The Government has also decided to increase the program for refugee resettlement from South America. There is a growing number of South American nationals who are in need of resettlement. Accordingly, we have, in consultation with the UNHCR, enlarged both numerically and geographically our South American program to cater for persons from South America who can satisfy criteria for refugee status and resettlement in Australia. The situation of refugees in this area and their needs and wishes with regard to resettlement are still being assessed by Australia and the international agencies. At present the numbers seeking resettlement in Australia are quite small. This is because of geographically inspired traditional attitudes-most think automatically of resettlement in North America or Western Europe. Generations of displaced persons from South America have settled in North America and Western Europe. It is natural that the overwhelming majority now displaced will seek to go there also, especially as they often have relatives there. Gradually, however, more will come to Australia and join the small but successfully settled band of South Americans already here.
The Government has also decided that it will no longer announce individual program ceilings for particular refugee groups. This will enable us to have maximum flexibility in responding to different or changing situations without creating undue expectations. The outcome of those decisions will be obvious at the end of each financial year. In line with these moves we have also been looking at other ways of dealing with the problems of displaced people other than those who are refugees. I expect, for example, that the recently announced special humanitarian program will provide new alternatives to refugee resettlement, particularly for those in difficult circumstances or with family ties in Australia who cannot satisfy refugee criteria. Displaced persons who do not qualify for refugee status are now being interviewed in various parts of the world and I would expect the next financial year's intake figures to reflect substantial benefits to individuals and to Australia as a result of this program .
Another matter of concern for South East Asia and Australia has been the continuing outflow of persons from Vietnam. I have had a series of discussions with my counterparts in Malaysia and Thailand about ways in which it might be possible to deter the outflow of persons making extremely hazardous journeys in small boats from Vietnam. The plight of people on those voyages has often been frightful and has aroused pity, horror and anger simultaneously in the hearts of those of us who have seen the results of those experiences. For this reason, we have been negotiating with Vietnam for an orderly departure program from Vietnam to Australia. Without such an arrangement, desperate people will always find a way around the moratorium on illegal departures imposed by Vietnam.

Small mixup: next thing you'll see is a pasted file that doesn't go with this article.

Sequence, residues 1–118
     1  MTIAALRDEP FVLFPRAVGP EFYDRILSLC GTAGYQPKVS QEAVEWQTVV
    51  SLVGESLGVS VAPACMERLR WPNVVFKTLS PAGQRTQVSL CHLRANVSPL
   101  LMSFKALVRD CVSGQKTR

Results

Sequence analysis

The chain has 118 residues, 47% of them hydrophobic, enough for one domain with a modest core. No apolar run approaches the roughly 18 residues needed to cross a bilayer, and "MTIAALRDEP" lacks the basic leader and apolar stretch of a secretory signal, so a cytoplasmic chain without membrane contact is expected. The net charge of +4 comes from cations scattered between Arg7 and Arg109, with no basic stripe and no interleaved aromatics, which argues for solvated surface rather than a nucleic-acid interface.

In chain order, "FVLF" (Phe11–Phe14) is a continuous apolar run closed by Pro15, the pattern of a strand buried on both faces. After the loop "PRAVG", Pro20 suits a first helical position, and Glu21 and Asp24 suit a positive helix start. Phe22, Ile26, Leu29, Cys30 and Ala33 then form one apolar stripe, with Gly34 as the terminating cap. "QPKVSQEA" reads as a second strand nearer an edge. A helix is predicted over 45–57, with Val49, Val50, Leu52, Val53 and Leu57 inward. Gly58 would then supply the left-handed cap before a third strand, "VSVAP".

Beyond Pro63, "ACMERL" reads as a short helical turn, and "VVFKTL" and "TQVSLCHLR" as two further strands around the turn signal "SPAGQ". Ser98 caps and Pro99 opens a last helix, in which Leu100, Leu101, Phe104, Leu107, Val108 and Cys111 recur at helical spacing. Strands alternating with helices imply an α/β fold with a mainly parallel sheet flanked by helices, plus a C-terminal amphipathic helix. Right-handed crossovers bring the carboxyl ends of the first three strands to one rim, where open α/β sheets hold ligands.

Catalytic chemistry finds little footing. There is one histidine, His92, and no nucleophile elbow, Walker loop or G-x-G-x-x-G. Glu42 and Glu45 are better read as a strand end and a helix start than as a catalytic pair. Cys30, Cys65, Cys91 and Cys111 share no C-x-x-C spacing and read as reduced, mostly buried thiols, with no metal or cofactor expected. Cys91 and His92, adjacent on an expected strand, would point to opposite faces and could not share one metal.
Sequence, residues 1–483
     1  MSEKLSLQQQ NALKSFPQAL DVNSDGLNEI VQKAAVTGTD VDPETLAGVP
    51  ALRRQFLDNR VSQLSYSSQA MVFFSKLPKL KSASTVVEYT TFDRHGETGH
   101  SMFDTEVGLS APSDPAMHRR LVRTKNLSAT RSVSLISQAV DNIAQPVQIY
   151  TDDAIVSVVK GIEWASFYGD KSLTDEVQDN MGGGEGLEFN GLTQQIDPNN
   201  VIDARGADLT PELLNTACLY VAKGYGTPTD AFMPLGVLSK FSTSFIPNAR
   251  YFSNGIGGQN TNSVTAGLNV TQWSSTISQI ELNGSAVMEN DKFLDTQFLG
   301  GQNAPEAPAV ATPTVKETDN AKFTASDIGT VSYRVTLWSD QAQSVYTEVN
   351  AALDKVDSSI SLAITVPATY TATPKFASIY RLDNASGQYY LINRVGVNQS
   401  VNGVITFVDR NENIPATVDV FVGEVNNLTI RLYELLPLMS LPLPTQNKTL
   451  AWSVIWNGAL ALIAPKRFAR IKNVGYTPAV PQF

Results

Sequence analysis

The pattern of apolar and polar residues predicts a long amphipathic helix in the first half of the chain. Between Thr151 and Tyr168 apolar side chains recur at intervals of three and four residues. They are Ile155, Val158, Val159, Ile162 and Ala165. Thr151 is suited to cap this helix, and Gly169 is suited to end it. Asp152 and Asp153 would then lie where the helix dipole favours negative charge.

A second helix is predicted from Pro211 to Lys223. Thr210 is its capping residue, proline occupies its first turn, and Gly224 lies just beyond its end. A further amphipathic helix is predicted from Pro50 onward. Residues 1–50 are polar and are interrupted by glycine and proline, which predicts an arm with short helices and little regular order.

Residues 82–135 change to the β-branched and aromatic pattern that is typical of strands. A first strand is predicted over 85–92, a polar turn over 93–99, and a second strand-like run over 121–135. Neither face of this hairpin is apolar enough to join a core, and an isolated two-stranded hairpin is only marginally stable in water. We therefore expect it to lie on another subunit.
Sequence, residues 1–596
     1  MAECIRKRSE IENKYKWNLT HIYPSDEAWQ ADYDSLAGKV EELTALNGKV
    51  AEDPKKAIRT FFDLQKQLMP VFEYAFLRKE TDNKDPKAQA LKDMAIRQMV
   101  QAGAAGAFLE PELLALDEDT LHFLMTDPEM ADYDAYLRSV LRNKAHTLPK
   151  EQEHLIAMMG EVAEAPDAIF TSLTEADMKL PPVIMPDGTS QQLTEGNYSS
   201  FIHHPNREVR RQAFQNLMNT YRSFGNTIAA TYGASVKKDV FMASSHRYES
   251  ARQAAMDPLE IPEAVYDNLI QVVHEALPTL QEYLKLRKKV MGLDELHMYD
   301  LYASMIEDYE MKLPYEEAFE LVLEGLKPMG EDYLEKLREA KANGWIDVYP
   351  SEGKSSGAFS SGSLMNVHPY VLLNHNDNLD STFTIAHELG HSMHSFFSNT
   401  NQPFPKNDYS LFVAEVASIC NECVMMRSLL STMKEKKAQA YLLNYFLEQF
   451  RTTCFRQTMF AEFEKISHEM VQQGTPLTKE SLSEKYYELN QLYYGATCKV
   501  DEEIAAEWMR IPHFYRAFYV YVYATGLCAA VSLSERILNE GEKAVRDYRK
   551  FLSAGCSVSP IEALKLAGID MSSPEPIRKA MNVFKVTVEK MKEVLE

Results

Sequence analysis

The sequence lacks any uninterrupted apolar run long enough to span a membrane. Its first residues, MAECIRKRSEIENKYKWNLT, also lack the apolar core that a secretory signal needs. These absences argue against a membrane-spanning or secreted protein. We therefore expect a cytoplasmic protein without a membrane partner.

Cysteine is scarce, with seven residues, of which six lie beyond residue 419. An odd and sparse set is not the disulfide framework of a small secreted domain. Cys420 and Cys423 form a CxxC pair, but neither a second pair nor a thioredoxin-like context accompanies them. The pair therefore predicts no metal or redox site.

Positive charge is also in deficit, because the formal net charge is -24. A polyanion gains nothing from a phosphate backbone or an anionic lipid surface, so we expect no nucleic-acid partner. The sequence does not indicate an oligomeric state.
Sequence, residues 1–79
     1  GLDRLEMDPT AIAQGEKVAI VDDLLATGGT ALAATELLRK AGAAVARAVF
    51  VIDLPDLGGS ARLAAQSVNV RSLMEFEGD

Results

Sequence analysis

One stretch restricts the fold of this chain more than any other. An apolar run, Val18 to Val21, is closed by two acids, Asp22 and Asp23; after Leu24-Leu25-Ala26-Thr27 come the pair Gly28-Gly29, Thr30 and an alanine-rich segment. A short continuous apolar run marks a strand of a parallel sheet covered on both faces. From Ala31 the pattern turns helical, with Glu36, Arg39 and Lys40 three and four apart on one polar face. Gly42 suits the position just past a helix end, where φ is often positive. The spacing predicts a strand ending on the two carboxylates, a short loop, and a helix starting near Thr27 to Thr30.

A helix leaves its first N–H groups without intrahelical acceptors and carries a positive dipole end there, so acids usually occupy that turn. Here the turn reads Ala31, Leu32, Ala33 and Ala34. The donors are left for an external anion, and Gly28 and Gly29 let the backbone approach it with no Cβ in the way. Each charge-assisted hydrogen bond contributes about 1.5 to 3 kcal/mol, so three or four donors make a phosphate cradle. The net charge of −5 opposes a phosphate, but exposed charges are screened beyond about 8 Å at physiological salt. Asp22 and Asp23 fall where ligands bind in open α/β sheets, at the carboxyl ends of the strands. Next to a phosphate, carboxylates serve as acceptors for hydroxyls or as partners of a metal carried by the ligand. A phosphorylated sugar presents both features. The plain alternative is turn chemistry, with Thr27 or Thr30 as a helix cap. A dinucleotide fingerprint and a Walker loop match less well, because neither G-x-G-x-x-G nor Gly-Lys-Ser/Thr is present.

In all of my dealings with Australians of Vietnamese origin I have stressed the fact that negotiations on an orderly departure program from Vietnam of their relatives might not be possible for some time. I am, however, delighted to announce to the House today that following a negotiating visit by officers of my department to Hanoi last week, an arrangement has been reached in principle with the Vietnamese Government. The arrangement, which comes after some years of negotiations, is based on globally applied migration procedures. The emphasis of the program will be on the reunification of families parted in the tragic circumstances of the last seven years. It is hoped that movement to Australia will begin after procedural arrangements have been finalised over the next couple of months. The successful conclusion of this arrangement is a pleasing and positive development and, I consider, reflects a willingness on the part of the Government of the Socialist Republic of Vietnam to resolve a difficult humanitarian problem in a spirit of goodwill and co-operation. In talking of co- operation, perhaps I could observe at this point how important to Australia has been the new aspect of our relationship with South East Asian countries as a result of the refugee program.
The decisions I have announced today will be of significant benefit to genuine refugees who wish to resettle in Australia. It will mean that Australian resettlement opportunities will be available only to those most in need and whose claims are legitimate. Those not satisfying refugee or special humanitarian criteria must compete for migration to Australia with one million other migrant seekers annually. I am particularly pleased to recognise the role of the Parliament itself in a parallel study of these questions and to note that the Senate Standing Committee on Foreign Affairs and Defence in its report on the Indo-Chinese problem commends our management of the problem to date in both its domestic and international aspects and shares my view of the changing nature of the outflow and the need to adjust our approach. In identifying myself with the Committee's report I wish to extend my personal thanks and congratulations to the officers of my Department for the splendid job they have done under extremely difficult circumstances. Australia has reason to be indebted to them and proud of them.